Same as Mgmt 3701. Uses the theories and research of the behavioral sciences to understand how organizations function at the individual, group, and organizational levels. Topics include stress in the workplace; group dynamics; power, leadership, and attribution theory. prereq: Stat 1601 or Stat 2601, jr or sr
IS 3800 - Practicum in Social Sciences
Credits: 1.0 -2.0 [max 4.0]
Grading Basis: S-N only
Typically offered: 9V3V
Supervised experience of selected learning activities such as discussion group leader, lab assistant, research assistant, or other teaching-related activities.
POL 3263 - Political Psychology (SS)
Credits: 4.0 [max 4.0]
Prerequisites: 1201; Psy 1051 or # recommended
Typically offered: 3E
Examines the intersection of political science and psychology research, particularly on topics such as personality, emotions, and cognition. Explores the various roles of individuals and groups in political decision-making, emphasizing the connections between how we think and learn and how we structure society and make political choices. prereq: 1201; Psy 1051 or instr consent recommended
PSY 2112 - Psycholinguistics (SS)
Credits: 4.0 [max 4.0]
Grading Basis: A-F only
Typically offered: 3T
An introduction to the crossroads of psychology and linguistics. Topics include: introduction to linguistics, language production and comprehension at various levels, dialogue, language development, reading, and language abnormalities. Specific methods are discussed throughout. prereq: 1051
PSY 2581 - Drugs and Human Behavior (SS)
Credits: 2.0 [max 2.0]
Prerequisites: 1051 or #
Typically offered: 3V
Survey of psychoactive drugs, their effects on mind and behavior, and prevention and treatment of drug abuse. [Note: no credit for students who have received credit for Psy 1081] prereq: 1051 or instr consent
PSY 2612 - Environmental Psychology (ENVT)
Credits: 4.0 [max 4.0]
Typically offered: 3T
Environmental psychology is the study of the relationship between humans and natural and built environments. Traditionally, the emphasis in environmental psychology has been on how human behavior, feelings, and well being are impacted by the environment. Currently, there is an increased emphasis on how humans impact natural environments. This course examines the theories guiding research in this field and reviews the research as it applies to topics such as the effects of weather and climate on behavior, urban and rural environments, crowding, and personal space. prereq: 1051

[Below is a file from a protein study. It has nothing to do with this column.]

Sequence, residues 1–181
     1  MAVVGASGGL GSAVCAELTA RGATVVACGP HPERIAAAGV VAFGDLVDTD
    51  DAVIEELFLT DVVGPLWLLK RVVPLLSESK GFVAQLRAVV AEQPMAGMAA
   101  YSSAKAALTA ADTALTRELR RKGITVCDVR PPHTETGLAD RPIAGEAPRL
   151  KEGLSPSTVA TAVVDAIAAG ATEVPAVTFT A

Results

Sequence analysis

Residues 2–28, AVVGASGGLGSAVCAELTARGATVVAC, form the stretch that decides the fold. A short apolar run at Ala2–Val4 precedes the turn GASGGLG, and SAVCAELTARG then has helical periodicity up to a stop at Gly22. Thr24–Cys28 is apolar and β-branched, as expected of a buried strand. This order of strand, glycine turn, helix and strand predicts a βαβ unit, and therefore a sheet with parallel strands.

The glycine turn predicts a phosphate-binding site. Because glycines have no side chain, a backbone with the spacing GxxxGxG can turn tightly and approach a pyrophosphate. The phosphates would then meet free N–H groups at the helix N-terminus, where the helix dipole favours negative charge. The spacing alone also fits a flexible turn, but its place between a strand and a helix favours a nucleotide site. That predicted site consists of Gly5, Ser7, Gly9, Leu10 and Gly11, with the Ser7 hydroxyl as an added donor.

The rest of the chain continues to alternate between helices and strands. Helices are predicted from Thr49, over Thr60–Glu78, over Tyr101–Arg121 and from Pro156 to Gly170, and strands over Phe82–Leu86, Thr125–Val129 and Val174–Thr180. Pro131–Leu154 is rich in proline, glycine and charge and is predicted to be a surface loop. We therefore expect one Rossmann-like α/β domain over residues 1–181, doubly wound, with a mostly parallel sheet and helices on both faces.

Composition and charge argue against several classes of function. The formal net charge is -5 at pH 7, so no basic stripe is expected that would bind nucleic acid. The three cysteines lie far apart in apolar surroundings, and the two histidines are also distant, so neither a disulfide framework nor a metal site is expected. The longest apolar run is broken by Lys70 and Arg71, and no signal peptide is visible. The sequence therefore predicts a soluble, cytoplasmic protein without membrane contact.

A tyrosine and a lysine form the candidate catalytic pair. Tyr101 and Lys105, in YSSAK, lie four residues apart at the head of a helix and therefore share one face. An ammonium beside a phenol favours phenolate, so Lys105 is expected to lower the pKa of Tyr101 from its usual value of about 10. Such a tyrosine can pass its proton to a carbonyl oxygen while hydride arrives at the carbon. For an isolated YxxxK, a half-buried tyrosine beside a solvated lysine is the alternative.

PSY 2993 - Directed Study
Credits: 1.0 -5.0 [max 10.0]
Typically offered: 9V3V
An on- or off-campus learning experience individually arranged between a student and a faculty member for academic credit in areas not covered in the regular curriculum.
PSY 3051 - The Psychology of Women and Gender (HDIV)
Credits: 4.0 [max 4.0]
Typically offered: 3V
Exploration of the interactive biological, psychological, and socio-cultural processes that shape the lives of women and the experience of gender. Topics include: the psychobiology of sex; the social construction of sex and gender; socialization and development; media representations; identity and sexuality; language and communication; motivation and personality; relationships; work and family lives; mental and physical health; mid- and later life development; victimization; therapy; intersections of race, class, and gender; and feminist approaches to teaching, learning, and knowing. prereq: 1051 or instr consent
PSY 3315 - Parenting and Family Therapy
Credits: 4.0 [max 4.0]
Prerequisites: 1051
Typically offered: 3V
Examination of the effects of parenting on the growth and development of children. Emphasizes specific parenting styles and practices and their effects on the social/emotional development and functioning of children at each stage of life. Provides an overview of the theory and practice of family counseling/therapy. Major systemic theoretical orientations are explored. prereq: 1051
PSY 3611 - History and Philosophy of Psychology (HIST)
Credits: 4.0 [max 4.0]
Typically offered: 3O
Historical roots and comparative features of major theoretical systems in psychology, including scientific methodology, research interests, and techniques. Movements within psychology that are discussed include: structuralism, functionalism, behaviorism, Gestaltism, psychoanalytic, and existential movements and their modern syntheses, as well as other topics of interest to students. prereq: 1051 or instr consent